By Emily Lamm and Matt Johnson

In Polygroup Ltd. v. Willis Electric Co., Ltd., the Patent Trial and Appeal Board denied a Patent Owner request for documents already provided in a co-pending lawsuit but restricted from use by a protective order. IPR2016-01610, Paper 54 at 8, (May 16, 2017). In part, this decision stemmed from the Board’s assessment of the Garmin Factors for additional discovery articulated in Garmin Int’l Inc. v. Cuozzo Speed Techs. LLC, IPR2012-00001, Paper 26, 6-7 (PTAB Mar. 5, 2013). Those balancing factors are: (1) the request is more than a possibility and mere allegation with regard to the likelihood of useful discovery; (2) the request does not merely seek the opposing party’s litigation positions and corresponding basis underlying those positions; (3) there is not an ability to obtain or generate equivalent information by alternative means; (4) the instructions are easily understandable; and (5) the request is not overly burdensome to answer.

One of the overarching purposes of the America Invents Act was to provide an efficient alternative to litigation. Pub. L. No. 112-29, 125 Stat. 284 (2011). Consequently, additional discovery is available only “in the interest of justice,” and the Board generally seeks to limit additional discovery requests within inter partes review. 35 U.S.C. § 316(a)(5). While a denied request for additional discovery is not especially unusual or surprising, the documents at issue in Polygroup had already been produced by the Petitioner in the co-pending district court litigation and identified by Bates numbers. Thus, the sole barrier preventing the Board from considering them was the District Court’s protective order, which is a procedural formality that the Board could bypass with relative ease (i.e., by ordering the materials to also be produced in the PTAB matter).

Nevertheless, the Board emphasized the weight of the protective order, and found Garmin factor 3 “dispositive.” Indeed, there would be no need for the request if the Patent Owner had simply asked the District Court for permission. The Patent Owner acknowledged that either (a) formal motion to gain permission to use the documents within inter partes review; or (b) altering the confidentiality designations of the materials would constitute “other means” of acquiring the documents under Garmin factor 3. In addition, the Patent Owner’s assertion that “timeliness and expense” made seeking modification of the protective order by the District Court unfeasible fell short. The Board was unconvinced by these “vague and conclusory” assertions because the Patent Owner had “been aware for at least five months of the need to seek relief from the District Court protective order.” In light of ample notice and unsubstantiated assertions, the Board denied the request.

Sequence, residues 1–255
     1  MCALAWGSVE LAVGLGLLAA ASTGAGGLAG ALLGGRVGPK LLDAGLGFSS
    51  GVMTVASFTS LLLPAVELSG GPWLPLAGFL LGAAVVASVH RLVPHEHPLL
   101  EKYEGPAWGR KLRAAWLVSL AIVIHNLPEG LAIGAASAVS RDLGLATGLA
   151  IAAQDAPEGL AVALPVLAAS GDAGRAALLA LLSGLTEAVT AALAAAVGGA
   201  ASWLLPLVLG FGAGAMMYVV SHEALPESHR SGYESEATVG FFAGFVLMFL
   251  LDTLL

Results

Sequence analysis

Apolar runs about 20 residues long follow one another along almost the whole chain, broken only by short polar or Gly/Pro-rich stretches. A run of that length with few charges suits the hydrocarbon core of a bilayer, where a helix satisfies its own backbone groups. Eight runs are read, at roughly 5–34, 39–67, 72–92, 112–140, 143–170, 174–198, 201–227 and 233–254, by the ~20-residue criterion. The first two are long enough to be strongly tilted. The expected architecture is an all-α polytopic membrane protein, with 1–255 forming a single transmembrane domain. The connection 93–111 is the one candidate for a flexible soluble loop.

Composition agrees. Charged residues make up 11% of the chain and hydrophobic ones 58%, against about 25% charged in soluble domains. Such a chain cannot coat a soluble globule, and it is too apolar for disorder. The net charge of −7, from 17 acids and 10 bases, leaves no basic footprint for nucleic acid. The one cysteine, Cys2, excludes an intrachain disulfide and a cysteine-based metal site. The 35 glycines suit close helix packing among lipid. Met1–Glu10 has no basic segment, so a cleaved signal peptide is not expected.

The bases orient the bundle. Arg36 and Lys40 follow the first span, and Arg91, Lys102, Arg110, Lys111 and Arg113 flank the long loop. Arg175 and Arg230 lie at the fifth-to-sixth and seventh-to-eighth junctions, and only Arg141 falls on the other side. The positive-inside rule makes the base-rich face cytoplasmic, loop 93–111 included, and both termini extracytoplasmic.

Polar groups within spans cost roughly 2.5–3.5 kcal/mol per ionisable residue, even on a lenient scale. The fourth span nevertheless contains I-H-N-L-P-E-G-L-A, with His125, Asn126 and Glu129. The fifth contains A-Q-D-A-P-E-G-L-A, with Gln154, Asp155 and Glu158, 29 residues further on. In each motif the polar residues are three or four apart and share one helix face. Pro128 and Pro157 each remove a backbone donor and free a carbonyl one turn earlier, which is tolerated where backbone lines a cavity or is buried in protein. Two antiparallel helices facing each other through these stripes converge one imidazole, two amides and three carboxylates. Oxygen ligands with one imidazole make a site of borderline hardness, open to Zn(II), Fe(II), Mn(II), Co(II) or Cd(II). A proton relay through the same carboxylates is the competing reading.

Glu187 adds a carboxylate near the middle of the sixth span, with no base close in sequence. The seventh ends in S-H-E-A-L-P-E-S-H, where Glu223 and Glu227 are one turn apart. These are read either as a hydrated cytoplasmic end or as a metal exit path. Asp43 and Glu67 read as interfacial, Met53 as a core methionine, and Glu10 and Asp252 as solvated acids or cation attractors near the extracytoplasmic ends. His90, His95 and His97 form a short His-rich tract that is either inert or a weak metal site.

This denial indicates that the Board is particularly unwilling to circumvent a District Court’s protective order when a party has ample notice and awareness of alternative ways to obtain the requested documents. Furthermore, a Board may find that a single Garmin factor is dispositive, and deny an additional discovery request on that basis alone. Thus, at each stage of litigation, parties should seek proactive actions, and not simply hope for the Board to provide relief available elsewhere.

The following two tabs change content below.
Matt Johnson is one of the Firm's primary contacts on practice before the PTAB. Currently co-chairing the Firm's PTAB subpractice and involved in proceedings at the Board since the first day of their availability in September 2012, Matt regularly represents clients as both petitioners and patent owners at the Board. He further works as an advocate for clients in appeals from Board proceedings at the Federal Circuit.